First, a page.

MENTAL MONDAYS | Postnatal Depression & Me
How Photography Saved My Life
Postnatal Depression by Louise
After I gave birth to my first daughter, Isla, 6 years ago, I can admit now that I behaved out of character. I was erratic, unpredictable, and downright crazy. I had Postnatal Depression. I had some really dark weeks back then and I went to some really horrible places in my head with some very horrible thoughts. I’m not sure I would have been here today without my husband, family and close friends. I expect that I was really hard to be friends with or even be married to and I have lost friends because they never really understood what it’s like to have this illness.
I was tired of being told to ‘cheer up’ and always and it was exhausting to have to put on a smile around everyone. It was incredibly draining. I don’t think people fully understand PND unless they have experienced it first-hand. You aren’t yourself and you aren’t behaving how you normally would.
I now choose to be around people that like me – anxiety and all – it’s so much easier and a much healthier way to live!
Since having my second daughter, Elodie, and starting on Citalopram I can see now just how ill I was. I now have a really healthy outlook on the future and I’m the happiest I have been in a really long time. Not only do I put this down to the drugs, but also my love of photography.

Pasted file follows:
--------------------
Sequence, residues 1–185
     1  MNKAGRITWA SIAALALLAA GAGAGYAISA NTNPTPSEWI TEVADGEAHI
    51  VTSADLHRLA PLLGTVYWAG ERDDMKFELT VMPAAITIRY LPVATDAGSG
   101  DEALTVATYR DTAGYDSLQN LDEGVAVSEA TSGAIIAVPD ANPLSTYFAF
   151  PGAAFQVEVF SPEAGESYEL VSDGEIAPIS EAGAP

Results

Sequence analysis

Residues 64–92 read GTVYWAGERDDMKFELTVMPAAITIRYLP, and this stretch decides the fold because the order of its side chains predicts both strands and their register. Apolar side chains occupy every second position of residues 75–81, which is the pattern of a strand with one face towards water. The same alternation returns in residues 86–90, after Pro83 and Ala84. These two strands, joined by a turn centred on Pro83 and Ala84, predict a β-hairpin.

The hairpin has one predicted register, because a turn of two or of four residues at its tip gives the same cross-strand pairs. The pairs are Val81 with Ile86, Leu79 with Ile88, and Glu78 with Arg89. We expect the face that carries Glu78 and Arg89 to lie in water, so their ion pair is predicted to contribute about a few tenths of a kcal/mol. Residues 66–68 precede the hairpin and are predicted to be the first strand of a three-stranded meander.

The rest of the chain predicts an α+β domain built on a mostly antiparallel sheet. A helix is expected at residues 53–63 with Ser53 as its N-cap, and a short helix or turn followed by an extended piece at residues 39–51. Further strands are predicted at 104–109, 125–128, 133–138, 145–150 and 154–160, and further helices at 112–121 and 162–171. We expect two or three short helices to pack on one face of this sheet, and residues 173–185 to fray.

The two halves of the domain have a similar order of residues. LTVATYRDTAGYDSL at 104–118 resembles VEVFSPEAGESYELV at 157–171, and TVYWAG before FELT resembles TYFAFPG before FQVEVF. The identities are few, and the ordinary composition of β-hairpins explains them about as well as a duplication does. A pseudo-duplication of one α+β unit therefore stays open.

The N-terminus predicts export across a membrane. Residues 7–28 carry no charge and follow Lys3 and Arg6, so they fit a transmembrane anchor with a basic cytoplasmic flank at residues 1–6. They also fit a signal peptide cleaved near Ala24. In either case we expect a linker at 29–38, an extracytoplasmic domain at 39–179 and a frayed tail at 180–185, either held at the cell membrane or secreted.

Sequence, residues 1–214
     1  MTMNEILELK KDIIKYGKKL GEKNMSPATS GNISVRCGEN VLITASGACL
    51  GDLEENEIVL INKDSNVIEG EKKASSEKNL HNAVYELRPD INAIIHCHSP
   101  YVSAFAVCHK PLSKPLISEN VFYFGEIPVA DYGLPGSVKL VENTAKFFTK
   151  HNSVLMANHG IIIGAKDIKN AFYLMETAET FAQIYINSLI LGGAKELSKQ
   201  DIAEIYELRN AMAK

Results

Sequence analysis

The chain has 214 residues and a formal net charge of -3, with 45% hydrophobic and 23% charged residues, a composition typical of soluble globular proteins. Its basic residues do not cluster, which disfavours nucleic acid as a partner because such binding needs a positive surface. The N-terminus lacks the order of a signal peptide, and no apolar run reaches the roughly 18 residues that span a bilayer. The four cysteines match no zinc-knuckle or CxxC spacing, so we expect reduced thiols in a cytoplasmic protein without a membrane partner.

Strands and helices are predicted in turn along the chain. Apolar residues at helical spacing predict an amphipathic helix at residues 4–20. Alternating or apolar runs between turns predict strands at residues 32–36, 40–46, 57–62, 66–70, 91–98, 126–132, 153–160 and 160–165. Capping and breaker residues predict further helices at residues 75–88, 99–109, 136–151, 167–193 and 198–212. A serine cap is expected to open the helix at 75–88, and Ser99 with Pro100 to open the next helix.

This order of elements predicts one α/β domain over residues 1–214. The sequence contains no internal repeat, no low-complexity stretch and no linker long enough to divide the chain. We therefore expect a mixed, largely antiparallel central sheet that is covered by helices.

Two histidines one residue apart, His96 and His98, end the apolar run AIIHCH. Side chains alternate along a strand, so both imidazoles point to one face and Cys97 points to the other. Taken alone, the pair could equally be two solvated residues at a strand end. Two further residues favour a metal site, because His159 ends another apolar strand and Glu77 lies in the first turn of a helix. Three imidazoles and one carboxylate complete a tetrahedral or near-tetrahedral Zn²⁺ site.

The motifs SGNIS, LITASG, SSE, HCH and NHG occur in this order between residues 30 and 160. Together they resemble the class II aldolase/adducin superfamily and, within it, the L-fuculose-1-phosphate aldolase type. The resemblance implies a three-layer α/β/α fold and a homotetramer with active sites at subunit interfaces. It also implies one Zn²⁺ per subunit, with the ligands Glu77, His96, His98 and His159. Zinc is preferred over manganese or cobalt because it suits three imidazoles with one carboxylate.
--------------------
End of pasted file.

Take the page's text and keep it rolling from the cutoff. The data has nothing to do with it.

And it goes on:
Photography has always been a huge passion of mine and it’s been something that I have been able to focus on. It has taken me away from the dark thoughts on many occasions and given me a positive distraction. I’m the sort of person that can’t sit still. I can’t relax and I’m always thinking. Now, instead of thinking and obsessing about some ridiculous scenario that my anxiety has created in my head – I can channel this energy into new marketing ideas for my business, or new ideas for mini shoots in the studio, or a new set up that I want to try. I spend most of my day now thinking about photography and learning more about how I can be better at what I do. I barely have time for negative thoughts (though a few sometimes sneak in some days). What I’m trying to say is, this new hobby-turned-business has been my therapy and I will never take for granted where it’s taken me both professionally and personally.
I wouldn’t have dreamed that 6 years ago I would be doing this – I could barely get out of bed. I feel so lucky and proud to be in this place.
I just want to say that if someone you know isn’t behaving how they usually do – they seem down, easily offended, paranoid and generally not happy – then don’t judge them or walk away from them. Talk to them and ask them how they are. And then ask them again. They most probably need you more than ever.
We’d like to thank Louise for her contribution to our Mental Monday’s series.
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I’m a primary school teacher and I’m a mum to a beautiful, bright and bubbly six-year-old. I witness the ups and downs of wellbeing in children every day. Every parent faces the same dilemma – how to ensure the wellbeing of our children – particularly from a mental health perspective in a world that is more pressured than ever in more ways than one.
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